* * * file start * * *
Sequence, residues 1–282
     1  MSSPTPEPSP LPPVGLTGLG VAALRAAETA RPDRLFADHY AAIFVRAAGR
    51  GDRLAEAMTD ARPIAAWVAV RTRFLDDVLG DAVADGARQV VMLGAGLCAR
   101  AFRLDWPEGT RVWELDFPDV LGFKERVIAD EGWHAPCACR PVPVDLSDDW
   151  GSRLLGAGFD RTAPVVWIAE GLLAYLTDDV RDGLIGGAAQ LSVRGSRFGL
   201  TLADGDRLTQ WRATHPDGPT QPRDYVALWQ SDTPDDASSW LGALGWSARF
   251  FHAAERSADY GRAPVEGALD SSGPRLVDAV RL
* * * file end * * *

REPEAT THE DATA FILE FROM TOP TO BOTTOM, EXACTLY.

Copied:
Sequence, residues 1–282
     1  MSSPTPEPSP LPPVGLTGLG VAALRAAETA RPDRLFADHY AAIFVRAAGR
    51  GDRLAEAMTD ARPIAAWVAV RTRFLDDVLG DAVADGARQV VMLGAGLCAR
   101  AFRLDWPEGT RVWELDFPDV LGFKERVIAD EGWHAPCACR PVPVDLSDDW
   151  GSRLLGAGFD RTAPVVWIAE GLLAYLTDDV RDGLIGGAAQ LSVRGSRFGL
   201  TLADGDRLTQ WRATHPDGPT QPRDYVALWQ SDTPDDASSW LGALGWSARF
   251  FHAAERSADY GRAPVEGALD SSGPRLVDAV RL